The Table-Top Railway is a train set trying and failing to be a model railway.

I believe that train sets and model railways are fun.

Online Leon

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Re: Wrenton
« Reply #894 on: July 04, 2018, 08:47:48 pm »
It was a chilly, misty, autumn morning as our intrepid photographer ventured forth with his trusty Nikon S-2. He hadn't loaded it with his usual Kodachrome, instead choosing the much faster, monochrome, Ilford HPS. He was rewarded with this shot of a J39 leaving the station with a short train.




I'm gradually reading the backlog of entries for this thread! This was a fantastic photo. It could have been a real-life setting.

Leon

Online Leon

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Re: Wrenton
« Reply #895 on: July 05, 2018, 02:22:15 am »
Roger, my assumption is that your tunnels are based on Rule #1. Correct me if I'm wrong, but if they are I already feel better for my plan to employ them in the relatively even terrain on my layout. I think my idea may be consistent with what you've done (there the resemblance will end!). I want to hide the back of my mainline oval from view - beneath a gentle slope from the the rails of the Salisbury - Trowbridge line (to be known on my layout as the Marsh View - Biss River autocoach route - via Wiltsbury).

Leon


Offline rogerdB

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Re: Wrenton
« Reply #896 on: July 05, 2018, 02:55:16 pm »
Leon, I guess there must be an extra clause or two in Rule 1. One being that I'll run my trains through any scenery I feel like building! But I can justify the tunnels on Wrenton. Finchingfield, the village which inspired my buildings, sits in countryside which is gently undulating rather than really hilly and I imagine a line could have been built in the area with embankments and cuttings rather than tunnels. But there is a fairly steep hill in the village itself:



The slope is greater than I was able to represent. By the way, although my arrangement of buildings on the left of the road is much like the original I've moved the building in the right foreground to be closer to the church, eliminating three buildings. (One of them is at the other end of the layout.) So, that rising ground explains one tunnel. As I wanted the road to cross the railway at the other end I needed another hill and this time I tried to disguise the sharply curving railway track with the road bridge in front of the tunnel mouth. I don't think I've previously photographed that area to show what happens, so I've just taken this one.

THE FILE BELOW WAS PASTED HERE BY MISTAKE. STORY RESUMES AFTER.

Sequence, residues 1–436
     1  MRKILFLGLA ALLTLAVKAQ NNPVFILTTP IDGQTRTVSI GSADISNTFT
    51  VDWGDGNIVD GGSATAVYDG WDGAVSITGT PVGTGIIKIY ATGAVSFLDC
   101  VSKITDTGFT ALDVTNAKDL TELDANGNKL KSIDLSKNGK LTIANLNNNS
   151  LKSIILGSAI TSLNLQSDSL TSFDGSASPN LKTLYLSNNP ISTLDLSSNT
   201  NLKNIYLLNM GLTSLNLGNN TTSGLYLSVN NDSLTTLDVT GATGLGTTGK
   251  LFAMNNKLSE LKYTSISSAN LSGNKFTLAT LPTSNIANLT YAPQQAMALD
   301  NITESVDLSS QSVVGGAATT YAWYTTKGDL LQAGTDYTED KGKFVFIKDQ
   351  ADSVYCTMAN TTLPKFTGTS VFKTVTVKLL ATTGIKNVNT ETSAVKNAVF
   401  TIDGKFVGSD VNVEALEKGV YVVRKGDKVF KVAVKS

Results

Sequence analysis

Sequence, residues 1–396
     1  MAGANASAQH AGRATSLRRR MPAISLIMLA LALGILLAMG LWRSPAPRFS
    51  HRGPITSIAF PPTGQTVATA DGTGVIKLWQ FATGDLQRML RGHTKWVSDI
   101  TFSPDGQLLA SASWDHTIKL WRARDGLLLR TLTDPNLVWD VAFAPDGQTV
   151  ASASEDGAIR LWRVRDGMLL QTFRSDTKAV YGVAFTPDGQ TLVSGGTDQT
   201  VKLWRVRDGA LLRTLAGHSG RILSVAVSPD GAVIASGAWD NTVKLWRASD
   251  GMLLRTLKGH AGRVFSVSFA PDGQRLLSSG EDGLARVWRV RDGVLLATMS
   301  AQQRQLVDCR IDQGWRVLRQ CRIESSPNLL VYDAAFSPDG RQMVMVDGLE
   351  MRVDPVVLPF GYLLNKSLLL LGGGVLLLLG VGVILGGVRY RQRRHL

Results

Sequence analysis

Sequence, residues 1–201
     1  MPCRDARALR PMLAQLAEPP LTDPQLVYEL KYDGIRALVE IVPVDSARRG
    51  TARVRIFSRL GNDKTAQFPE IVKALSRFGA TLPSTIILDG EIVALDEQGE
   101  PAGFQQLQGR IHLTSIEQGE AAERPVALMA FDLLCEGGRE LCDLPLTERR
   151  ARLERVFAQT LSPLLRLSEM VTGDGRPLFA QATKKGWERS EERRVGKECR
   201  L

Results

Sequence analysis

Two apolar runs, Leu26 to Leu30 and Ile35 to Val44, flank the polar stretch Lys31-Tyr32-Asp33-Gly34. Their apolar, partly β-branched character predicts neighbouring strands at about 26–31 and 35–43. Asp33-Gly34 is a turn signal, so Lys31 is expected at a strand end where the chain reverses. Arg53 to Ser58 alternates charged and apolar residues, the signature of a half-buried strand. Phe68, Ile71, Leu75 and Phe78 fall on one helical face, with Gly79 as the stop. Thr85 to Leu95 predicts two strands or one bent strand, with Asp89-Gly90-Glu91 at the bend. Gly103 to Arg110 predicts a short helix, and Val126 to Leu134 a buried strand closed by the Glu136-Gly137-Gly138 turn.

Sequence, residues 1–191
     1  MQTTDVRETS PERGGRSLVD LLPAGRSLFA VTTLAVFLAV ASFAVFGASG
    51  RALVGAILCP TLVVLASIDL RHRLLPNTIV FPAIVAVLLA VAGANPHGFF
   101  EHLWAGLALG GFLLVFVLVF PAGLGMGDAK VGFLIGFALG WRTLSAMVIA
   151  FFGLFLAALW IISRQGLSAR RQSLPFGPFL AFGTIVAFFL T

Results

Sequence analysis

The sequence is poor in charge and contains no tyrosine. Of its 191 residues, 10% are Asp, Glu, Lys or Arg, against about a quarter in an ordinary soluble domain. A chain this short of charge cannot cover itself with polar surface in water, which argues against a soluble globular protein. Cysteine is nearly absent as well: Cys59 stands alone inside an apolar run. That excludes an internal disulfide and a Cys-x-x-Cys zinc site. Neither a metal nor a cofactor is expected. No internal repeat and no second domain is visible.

Online Leon

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Re: Wrenton
« Reply #897 on: July 05, 2018, 04:06:28 pm »
But there is a fairly steep hill in the village itself:

The slope is greater than I was able to represent.... So, that rising ground explains one tunnel. As I wanted the road to cross the railway at the other end I needed another hill and this time I tried to disguise the sharply curving railway track with the road bridge in front of the tunnel mouth.

Roger,

I hope my tunnels will not be too intrusive, but it is a model! "Poetic license" is justified, to keep the trains rolling. :)  I can have the main line running trains in both directions while shunting wagons on the sidings, or bringing passengers from Marsh View to Wiltsbury.

Leon

Offline rogerdB

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Re: Wrenton
« Reply #898 on: July 05, 2018, 04:50:16 pm »
I hope my tunnels will not be too intrusive, but it is a model! "Poetic license" is justified, to keep the trains rolling. :)  I can have the main line running trains in both directions while shunting wagons on the sidings, or bringing passengers from Marsh View to Wiltsbury.

I like to set a couple of trains running at slightly different speeds so that they cross at a different spot every lap. It can be quite relaxing watching them! And if you can't see the whole of the layout and the trains are out of sight for some of the time, so much the better.
« Last Edit: July 05, 2018, 10:53:47 pm by rogerdB »

Offline Nebucanezza

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Re: Wrenton
« Reply #899 on: July 05, 2018, 10:24:51 pm »
Thank you so much for sharing Wrenton with us Roger, it really is a first rate model.  I've been following your thread closely for a while now and there's not much I can add that hasn't already been said.  Wrenton is clearly an inspiration to so many people and gives us mere mortals something to aspire to!  Keep up the good work!